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1/18/12 at 10:36 AM 0 Comments

Is the Targeted Killing of Iranian Nuclear Scientists Sanctioned by God?

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With recent explosions taking the lives of scientists working on Iran's nuclear program, the average lifespan of an Iranian nuclear scientist is quickly growing ever shorter. A number of scientists working on the Iranian nuclear process—Iranian, North Korean, and Russian—have been killed within the past year by explosions. Recently, another Iranian nuclear scientist was added to the list by being killed in an explosion.

Five Russian scientists, who were working at an Iranian nuclear facility, were killed in 2011 in an airplane explosion, as they were heading back to Russia. The North Korean scientists were killed by an explosion at a steel mill which made steel to be used in the uranium enrichment process. The source of this latest one was a magnetic car bomb planted on the car by a motorcyclist.

Is this all coincidence? If you believe it is, then you probably also believe in the likelihood of a tornado whipping through a junkyard and, by chance, creating a Boeing 747.

Many see the stamp of Israel (and possibly the U.S., in support) in these incidents. (After all, there is a working assumption that Israel knows who is involved in Iran's nuclear program and how to find them.) If so, this latest occurrence could be added to faulty materials sold to the Iranians for the centrifuges in the enrichment process and to the high-powered Stuxnet computer virus which affected the operation of the centrifuges.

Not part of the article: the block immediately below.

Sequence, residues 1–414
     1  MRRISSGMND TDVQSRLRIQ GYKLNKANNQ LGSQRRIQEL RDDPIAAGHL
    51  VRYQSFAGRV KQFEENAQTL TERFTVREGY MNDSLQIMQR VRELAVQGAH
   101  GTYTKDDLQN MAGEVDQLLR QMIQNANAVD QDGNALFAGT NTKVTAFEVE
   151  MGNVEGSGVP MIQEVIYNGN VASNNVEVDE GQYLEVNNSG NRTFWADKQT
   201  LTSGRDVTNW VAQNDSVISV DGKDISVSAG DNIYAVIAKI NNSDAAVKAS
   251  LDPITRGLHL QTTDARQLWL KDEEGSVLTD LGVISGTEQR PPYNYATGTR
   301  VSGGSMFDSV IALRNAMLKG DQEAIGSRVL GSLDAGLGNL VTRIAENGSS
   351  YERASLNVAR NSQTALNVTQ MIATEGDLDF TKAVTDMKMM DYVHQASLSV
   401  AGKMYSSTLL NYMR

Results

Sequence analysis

While Iran is claiming the CIA had a role in the assassination of Iranian nuclear scientist Mostafa Ahmadi Roshan last week in Tehran, the State Department is adamantly denying any U.S. role in the killing. Iran is also accusing Britain of playing a part in the assassination, but, of course British authorities are denying any part in it. Furthermore, Israel is rejecting U.S. media claims that it was responsible for Roshan's death.

While these denials make it seem no one was responsible, someone was. Someone, or we should say some government, has been targeting these scientists. No doubt, these incidents have been purposed to provide a delay in Iran achieving nuclear capability. The question is: Is this targeted killing of Iranian nuclear scientists sanctioned by God?

No doubt, Iranian nuclear scientists understand the ramifications of what they do. They know that they are working to produce nuclear weapons that may well be used to eliminate thousands—or millions!—of people, including the possible destruction of an entire nation (Israel). In addition, they accept the significant financial rewards of doing so. Thus, they are every bit as culpable in preparing for an unthinkable crime as German officers were in the murder of 6 million Jews during World War II.

To carry it farther, as Jonathan Tobin wrote, assassinating Iranian nuclear scientists could head off a second Holocaust. After all, Iranian leaders Ali Khamenei (Supreme Leader) and Mahmoud Ahmadinejad (president) have threatened the existence of the Jewish nation and have made it no secret they would like to eliminate it.